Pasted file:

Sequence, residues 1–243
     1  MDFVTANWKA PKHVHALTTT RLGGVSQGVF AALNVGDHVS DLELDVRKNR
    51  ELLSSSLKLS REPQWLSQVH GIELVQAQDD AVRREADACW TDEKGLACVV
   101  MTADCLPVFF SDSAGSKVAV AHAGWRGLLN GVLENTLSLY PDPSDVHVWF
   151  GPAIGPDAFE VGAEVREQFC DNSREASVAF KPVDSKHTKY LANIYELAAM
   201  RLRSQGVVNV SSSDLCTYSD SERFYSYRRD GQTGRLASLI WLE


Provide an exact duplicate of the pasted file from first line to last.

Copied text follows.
Sequence, residues 1–243
     1  MDFVTANWKA PKHVHALTTT RLGGVSQGVF AALNVGDHVS DLELDVRKNR
    51  ELLSSSLKLS REPQWLSQVH GIELVQAQDD AVRREADACW TDEKGLACVV
   101  MTADCLPVFF SDSAGSKVAV AHAGWRGLLN GVLENTLSLY PDPSDVHVWF
   151  GPAIGPDAFE VGAEVREQFC DNSREASVAF KPVDSKHTKY LANIYELAAM
   201  RLRSQGVVNV SSSDLCTYSD SERFYSYRRD GQTGRLASLI WLE